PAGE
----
HHS Secretary Tommy G. Thompson today announced new efforts to expand scientific research on the safety of ephedrine alkaloids and to aggressively pursue the illegal marketing of non-herbal synthetic ephedrine alkaloid products.
“It is crucial that we have a full understanding of these dietary supplements,” Secretary Thompson said. “By increasing our breadth of knowledge about these supplements, we can give consumers the information they need to make informed decisions about these products.”
HHS recently funded the RAND Corporation to conduct a comprehensive review of the existing science on ephedrine alkaloids, particularly those in dietary supplements. The review is projected to be finished by early fall and, once complete, will clarify the existing state of the science on ephedrine alkaloids. The National Institutes of Health (NIH) will use this information to guide an expanded research effort to better understand the safety of ephedrine alkaloids.
Herbal ephedrine alkaloids, which are commonly referred to as ephedra, are marketed in the United States as weight loss, energy and sports supplements. Ephedrine alkaloids are active chemicals found naturally in a number of plants, including the Ephedra species, but can also be produced synthetically (i.e. non-herbal).
Adverse event reports regarding the use of dietary supplements containing ephedrine alkaloids have been received by the Food and Drug Administration (FDA) and have raised questions regarding the safety of these products. However, the FDA has advised that adverse event reports alone regarding dietary supplements containing ephedrine alkaloids do not provide a scientific basis for assessing the safety of these products and that there is need for further scientific research.
The FDA has begun a major effort to strengthen its adverse event monitoring system by incorporating existing reporting systems into a new, unified reporting system to track and analyze adverse event reports. The new system will improve FDA’s ability to conduct market surveillance and better monitor the safety of all dietary supplements, including ephedrine alkaloids.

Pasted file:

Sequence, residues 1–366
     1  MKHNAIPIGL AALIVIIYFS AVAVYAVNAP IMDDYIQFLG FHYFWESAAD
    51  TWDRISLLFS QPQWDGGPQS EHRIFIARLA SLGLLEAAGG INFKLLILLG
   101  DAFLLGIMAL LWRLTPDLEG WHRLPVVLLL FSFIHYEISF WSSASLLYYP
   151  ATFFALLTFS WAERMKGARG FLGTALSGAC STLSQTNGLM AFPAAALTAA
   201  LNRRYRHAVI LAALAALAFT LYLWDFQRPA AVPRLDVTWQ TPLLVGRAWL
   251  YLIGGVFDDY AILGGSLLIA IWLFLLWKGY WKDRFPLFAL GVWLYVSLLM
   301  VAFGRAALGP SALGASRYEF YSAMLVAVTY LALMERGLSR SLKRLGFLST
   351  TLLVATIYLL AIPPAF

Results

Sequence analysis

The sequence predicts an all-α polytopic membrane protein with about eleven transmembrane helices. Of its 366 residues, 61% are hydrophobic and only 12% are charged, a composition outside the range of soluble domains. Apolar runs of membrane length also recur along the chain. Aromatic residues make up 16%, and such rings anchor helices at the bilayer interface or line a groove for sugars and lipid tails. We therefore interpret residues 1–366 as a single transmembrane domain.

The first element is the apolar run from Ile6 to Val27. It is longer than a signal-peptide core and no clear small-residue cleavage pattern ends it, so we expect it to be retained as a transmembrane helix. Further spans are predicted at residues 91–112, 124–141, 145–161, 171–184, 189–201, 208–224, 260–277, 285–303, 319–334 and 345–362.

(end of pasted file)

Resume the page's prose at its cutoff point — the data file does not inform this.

Secretary Thompson encouraged industry to work with the FDA in this endeavor and to develop labeling that best protects consumer health. “I urge manufacturers to include FDA’s 1-800-MEDWATCH telephone number on their product labels. Consumers can use the Medwatch number to report adverse events,” he said.
Secretary Thompson also announced today new efforts to aggressively pursue the illegal marketing of non-herbal synthetic ephedrine alkaloid products. As part of these efforts, FDA today sent six warning letters to firms unlawfully selling non-herbal ephedrine-containing products over the Internet. Six letters went to manufacturers of products that contain the drug ephedrine or norephedrine hydrochloride (a synthetic, non-herbal, version of the herbal ingredient ephedra) labeled as dietary supplements of use in weight loss, suppression of appetite, enhanced libido, and the like. These products violate the law because they are not legal dietary supplements and are illegal drugs. Also, FDA warned another company for illegally promoting its ephedrine product as an alternative to street drugs.
“This action is yet another example of HHS’ strong commitment to protecting the public from the dangers of unlawfully marketed drug products,” said Secretary Thompson.
Last October, at FDA’s request, U.S. Marshals seized $2.8 million worth of a non-herbal synthetic ephedrine product marketed as a dietary supplement. The manufacturer in April signed an agreement prohibiting it from manufacturing and distributing such products. The firm also agreed to destroy the seized products at its own expense.
Today’s warning letters notify the firms that they must inform FDA within 15 days of their plans to correct the violations or else face further enforcement actions by the FDA. Enforcement options include seizure of the illegal product and injunction from manufacturing and distributing the product, as well as prosecution of the companies and individuals.
“These products are not for everyone,” said Dr. Lester M. Crawford, Deputy Commissioner of FDA. “Consumers should read the labels carefully to ensure their proper use.”
Consistent with industry standards and warnings that already appear on many products, consumers under the age of 18 or pregnant or nursing women should not use these products. As the warnings further state, adult consumers should consult a health care provider prior to using such products if they have current or previous history of high blood pressure, heart or thyroid disease, a seizure disorder, depression, diabetes, difficulty urinating, prostate enlargement, glaucoma, or are using any prescription drug.